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When Depression Is in Control

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I’ve written quite a lot about what the little monster in my head says to me on a daily basis. He doesn’t only talk, but he also controls my feelings and even my actions.

For those of you who don’t know, I have depression, an invisible illness that has a huge impact on my life. For me, and I’m assuming for other people who have this illness, depression is a monster living inside of my head who controls me. He talks to me. He controls my thoughts. He forces me to do things I don’t want to do. Worst of all, he’s trying to kill me.

Yes, there’s a monster inside my head trying to kill me. This may sound ridiculous to some people, but for people like me it’s reality. Every minute of every day, I’m fighting him off. I haven’t come this far to come only this far.

Let’s go into a little more detail. You know those voices inside your head? Well for me that voice is a constant negative voice speaking to me 24/7:

You’re ugly.

No one like’s you.

You have no worth.

You will never get anywhere in life.

You’re weak.

Look at you crying! Go on carry on! Keep up the good work!

The more miserable you are the better I’m doing my job!

I’ll never leave you alone. You’re stuck with me for the rest of your life.

The only way you can get rid of me is by getting rid of yourself.

Now, imagine someone telling you that every single second of every single day, never letting you go. Even when you’re sleeping, he creeps up on you and gives you nightmares. I don’t know about you, but most nights I’m afraid to go to sleep because I’m afraid of the nightmares. One way I’ve made the monster quiet is self-harming.

Today, as I look at my scarred body, I see picking up that knife the first time was a huge mistake. But that’s not all that the monster called depression does to you. It also made me delicate and sensitive, which isn’t surprising with the way it talks to you. It made me create a shell around me, to protect me from the danger of people hurting me. I became unsociable. I stay at home all day. I avoid social events. I know if my shell breaks, then the monster will break free. It’s that point when I become suicidal.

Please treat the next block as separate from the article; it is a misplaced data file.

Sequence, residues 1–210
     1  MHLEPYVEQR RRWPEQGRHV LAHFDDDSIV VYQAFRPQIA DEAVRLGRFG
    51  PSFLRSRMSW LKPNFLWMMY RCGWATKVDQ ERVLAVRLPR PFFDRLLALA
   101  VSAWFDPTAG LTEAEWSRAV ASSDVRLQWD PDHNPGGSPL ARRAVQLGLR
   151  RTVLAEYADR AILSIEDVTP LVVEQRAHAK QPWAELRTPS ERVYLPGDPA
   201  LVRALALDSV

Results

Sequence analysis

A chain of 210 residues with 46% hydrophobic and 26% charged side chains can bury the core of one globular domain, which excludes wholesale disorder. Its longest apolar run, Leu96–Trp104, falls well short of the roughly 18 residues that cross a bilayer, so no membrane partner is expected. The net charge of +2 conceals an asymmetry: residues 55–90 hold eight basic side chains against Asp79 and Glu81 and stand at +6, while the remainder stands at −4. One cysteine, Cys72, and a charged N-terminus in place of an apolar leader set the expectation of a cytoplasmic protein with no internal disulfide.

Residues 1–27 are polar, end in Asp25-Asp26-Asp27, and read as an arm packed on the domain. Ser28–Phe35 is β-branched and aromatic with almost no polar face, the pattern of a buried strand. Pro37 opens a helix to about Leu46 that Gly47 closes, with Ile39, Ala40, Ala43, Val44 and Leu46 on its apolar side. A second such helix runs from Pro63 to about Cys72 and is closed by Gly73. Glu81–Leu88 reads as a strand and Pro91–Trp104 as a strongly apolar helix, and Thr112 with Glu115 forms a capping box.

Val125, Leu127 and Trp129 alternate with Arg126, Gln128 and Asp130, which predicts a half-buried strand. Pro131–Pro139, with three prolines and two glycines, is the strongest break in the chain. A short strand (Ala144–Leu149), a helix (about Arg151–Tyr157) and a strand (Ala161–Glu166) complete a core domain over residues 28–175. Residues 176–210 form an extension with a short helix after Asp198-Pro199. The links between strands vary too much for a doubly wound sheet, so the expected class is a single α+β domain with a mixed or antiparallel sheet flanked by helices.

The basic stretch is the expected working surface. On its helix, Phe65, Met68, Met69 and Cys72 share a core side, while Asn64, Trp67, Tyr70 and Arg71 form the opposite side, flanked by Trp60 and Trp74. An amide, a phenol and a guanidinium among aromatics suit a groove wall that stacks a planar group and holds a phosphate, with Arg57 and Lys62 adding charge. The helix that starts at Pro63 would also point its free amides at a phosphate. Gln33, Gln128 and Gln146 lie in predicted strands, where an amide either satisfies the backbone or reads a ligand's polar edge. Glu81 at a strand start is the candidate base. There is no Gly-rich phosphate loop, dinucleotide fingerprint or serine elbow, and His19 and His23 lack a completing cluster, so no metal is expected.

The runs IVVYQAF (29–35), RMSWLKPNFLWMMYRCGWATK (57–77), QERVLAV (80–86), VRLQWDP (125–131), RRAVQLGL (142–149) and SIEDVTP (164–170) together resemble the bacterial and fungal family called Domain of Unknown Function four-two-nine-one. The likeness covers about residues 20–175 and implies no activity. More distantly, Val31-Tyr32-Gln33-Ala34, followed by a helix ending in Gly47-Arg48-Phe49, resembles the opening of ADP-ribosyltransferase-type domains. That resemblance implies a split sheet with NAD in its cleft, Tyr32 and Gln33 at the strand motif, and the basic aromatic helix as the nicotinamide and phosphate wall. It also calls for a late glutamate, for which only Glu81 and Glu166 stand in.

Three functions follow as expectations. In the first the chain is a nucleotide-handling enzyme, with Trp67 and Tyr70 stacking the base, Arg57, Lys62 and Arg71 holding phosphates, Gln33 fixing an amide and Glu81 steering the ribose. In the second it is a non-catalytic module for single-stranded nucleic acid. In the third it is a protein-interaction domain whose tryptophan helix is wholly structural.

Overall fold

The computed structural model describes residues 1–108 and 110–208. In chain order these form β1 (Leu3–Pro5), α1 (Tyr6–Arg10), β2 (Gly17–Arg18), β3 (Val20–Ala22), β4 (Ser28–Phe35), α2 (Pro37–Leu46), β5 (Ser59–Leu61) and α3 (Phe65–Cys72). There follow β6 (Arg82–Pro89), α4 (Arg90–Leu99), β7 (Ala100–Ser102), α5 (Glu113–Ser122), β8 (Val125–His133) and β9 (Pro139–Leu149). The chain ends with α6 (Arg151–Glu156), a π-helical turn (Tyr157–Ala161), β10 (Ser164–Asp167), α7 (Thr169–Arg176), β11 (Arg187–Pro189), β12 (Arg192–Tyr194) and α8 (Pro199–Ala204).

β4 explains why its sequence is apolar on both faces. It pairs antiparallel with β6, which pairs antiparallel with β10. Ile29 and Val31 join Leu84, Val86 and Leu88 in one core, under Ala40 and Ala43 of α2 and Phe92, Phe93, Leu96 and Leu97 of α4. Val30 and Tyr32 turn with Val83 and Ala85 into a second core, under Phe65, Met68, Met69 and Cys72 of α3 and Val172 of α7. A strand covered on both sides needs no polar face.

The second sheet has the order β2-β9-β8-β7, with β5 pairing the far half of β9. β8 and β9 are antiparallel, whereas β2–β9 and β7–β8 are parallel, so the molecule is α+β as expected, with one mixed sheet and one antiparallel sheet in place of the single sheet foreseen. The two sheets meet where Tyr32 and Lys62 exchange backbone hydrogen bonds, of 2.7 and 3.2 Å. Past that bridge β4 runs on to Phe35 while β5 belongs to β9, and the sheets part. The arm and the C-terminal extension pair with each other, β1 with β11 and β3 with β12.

What many people don’t realize is over the years I have become so sensitive that the slightest thing can break my shell. Sometimes it can be something big like getting fired from work due to not being able to function properly or breaking up with a good friend (also due to my depression). Sometimes it can be something small like a friend getting angry at me or getting kicked out of a program because of breaking the rules.

Once my shell is broken, the monster bursts out bigger and scarier than ever before. He’s terrifying! I usually just collapse on the floor crying and shaking, while suicidal thoughts rush through my head. At this point, I can’t fight him off. He’s taking control of me. He’s trying to kill me, and part of me wants to die because I hate living like this with him.

Somehow I’ve managed to fight him off, over and over again. I’m here to tell the tale. Sometimes, I wonder if I’ll be like this for the rest of my life or if a cure for depression will eventually be found. This is the reality of people living with depression. I have tears in my eyes as I’m writing this, but I need you to know.

If you or someone you know needs help, visit our suicide prevention resources page.

If you need support right now, call the Suicide Prevention Lifeline at 1-800-273-8255. You can reach the Crisis Text Line by texting “START” to 741-741.

Originally published: August 8, 2016
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